\(\sum\) is the net rate of generation of q inside the volume V

\(\sum\) becomes more positive when q is being generated and thus it is called the source of q. On the other hand, \(\sum\) becomes more negative when q is being destroyed. Thus it is called the sink of q. This term is also denoted as \(\frac{dq}{dt}|_{gen}\). This is the total change of q from its destruction or generation inside the volume. To understand in an easier way, let’s suppose the volume to be a building and q the number of people in the building. The walls, roof, doors and the foundation of the building will rightly act as the enclosing surface.

Here the continuity equation is stated in a way that the number of building increase on the entering of people in the building. When people exit this building, the number of people decreases. These suggest the inward and outward flux. When someone gives birth in the building, it refers to generation. Destruction is referred to as to whenever someone dies in the building.

**Differential Form**

We can express a general continuity equation in the form of a differential equation by the divergence theorem:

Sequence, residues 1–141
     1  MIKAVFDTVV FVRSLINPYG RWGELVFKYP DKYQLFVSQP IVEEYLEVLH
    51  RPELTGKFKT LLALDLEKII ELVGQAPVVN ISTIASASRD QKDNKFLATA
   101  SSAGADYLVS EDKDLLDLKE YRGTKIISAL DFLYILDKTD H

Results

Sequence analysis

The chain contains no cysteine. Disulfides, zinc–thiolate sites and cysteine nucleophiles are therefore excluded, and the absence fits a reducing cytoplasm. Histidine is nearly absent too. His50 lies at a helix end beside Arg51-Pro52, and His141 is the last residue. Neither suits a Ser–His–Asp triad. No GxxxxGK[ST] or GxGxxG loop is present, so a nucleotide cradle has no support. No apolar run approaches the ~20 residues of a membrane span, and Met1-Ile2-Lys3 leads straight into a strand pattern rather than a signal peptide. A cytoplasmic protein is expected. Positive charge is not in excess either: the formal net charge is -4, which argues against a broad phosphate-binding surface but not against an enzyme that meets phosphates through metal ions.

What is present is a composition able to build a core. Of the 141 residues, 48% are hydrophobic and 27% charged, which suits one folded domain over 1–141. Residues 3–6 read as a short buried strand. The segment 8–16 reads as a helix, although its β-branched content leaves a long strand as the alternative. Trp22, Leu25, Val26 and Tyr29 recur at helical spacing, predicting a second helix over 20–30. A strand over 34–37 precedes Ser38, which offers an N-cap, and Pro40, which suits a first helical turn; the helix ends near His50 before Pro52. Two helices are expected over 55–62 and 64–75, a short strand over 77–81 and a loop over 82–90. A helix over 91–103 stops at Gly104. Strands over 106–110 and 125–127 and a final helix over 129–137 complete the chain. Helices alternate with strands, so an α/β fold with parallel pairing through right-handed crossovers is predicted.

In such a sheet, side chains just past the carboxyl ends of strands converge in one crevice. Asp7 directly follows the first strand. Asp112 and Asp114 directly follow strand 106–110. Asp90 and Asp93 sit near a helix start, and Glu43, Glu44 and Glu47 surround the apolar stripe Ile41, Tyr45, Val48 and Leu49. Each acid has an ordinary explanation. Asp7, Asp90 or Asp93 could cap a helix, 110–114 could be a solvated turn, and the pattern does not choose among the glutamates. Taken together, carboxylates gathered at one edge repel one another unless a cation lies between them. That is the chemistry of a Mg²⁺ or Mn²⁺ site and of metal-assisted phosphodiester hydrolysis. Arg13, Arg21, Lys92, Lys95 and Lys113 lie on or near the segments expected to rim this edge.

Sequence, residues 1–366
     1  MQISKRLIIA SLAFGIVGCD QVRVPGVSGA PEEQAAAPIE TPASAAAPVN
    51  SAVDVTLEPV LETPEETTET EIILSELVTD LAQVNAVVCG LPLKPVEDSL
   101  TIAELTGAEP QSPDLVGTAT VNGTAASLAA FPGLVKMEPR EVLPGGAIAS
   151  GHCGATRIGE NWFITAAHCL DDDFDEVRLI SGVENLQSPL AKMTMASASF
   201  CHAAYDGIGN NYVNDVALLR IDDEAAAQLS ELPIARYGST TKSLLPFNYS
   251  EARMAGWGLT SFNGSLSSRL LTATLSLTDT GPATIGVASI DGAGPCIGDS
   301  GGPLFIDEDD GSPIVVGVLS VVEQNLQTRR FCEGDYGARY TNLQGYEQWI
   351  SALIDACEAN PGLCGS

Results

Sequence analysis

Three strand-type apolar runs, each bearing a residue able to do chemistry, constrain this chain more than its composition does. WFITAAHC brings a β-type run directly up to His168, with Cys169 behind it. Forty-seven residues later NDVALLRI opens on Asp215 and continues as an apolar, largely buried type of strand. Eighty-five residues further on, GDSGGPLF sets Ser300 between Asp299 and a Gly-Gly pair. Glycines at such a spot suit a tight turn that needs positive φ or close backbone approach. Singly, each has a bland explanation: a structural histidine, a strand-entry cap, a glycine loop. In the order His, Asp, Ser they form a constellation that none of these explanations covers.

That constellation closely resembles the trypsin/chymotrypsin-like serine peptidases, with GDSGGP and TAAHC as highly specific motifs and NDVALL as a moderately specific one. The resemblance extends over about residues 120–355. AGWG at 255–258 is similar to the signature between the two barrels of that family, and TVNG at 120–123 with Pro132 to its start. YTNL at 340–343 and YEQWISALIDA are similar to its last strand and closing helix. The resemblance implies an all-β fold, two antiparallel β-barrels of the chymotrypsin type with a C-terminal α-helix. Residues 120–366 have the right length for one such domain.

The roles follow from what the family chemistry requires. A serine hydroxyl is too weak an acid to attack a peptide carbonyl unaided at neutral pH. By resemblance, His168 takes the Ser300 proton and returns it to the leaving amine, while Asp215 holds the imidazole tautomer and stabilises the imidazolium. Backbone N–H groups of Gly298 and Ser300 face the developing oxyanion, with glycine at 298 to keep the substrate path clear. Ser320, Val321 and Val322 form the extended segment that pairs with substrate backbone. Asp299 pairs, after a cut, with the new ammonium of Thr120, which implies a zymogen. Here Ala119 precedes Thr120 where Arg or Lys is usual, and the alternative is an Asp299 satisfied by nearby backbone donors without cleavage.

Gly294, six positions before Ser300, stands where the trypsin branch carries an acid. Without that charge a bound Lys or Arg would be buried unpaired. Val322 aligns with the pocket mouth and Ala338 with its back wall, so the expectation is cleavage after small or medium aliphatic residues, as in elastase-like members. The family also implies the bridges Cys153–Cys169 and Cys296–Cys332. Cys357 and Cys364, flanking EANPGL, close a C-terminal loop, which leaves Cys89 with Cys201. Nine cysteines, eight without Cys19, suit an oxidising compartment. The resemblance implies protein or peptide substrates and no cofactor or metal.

\(\frac{\partial \rho }{\partial t}+\bigtriangledown .j=\sigma\)

Where,

j denotes the flux of the quantity

t denotes the time

\(\bigtriangledown\) denotes the divergence

\(\rho\) is the quantity per unit volume

\(\sigma\) denotes the generation of quantity per unit volume per unit time

When \(\sigma\) is less than zero, it indicates the terms that generate q. When \(\sigma\) is more than zero, it indicates the terms that remove q. The equations like the volume continuity equation and the complicated forms like the Navier-Stokes equation can be derived from this general differential equation.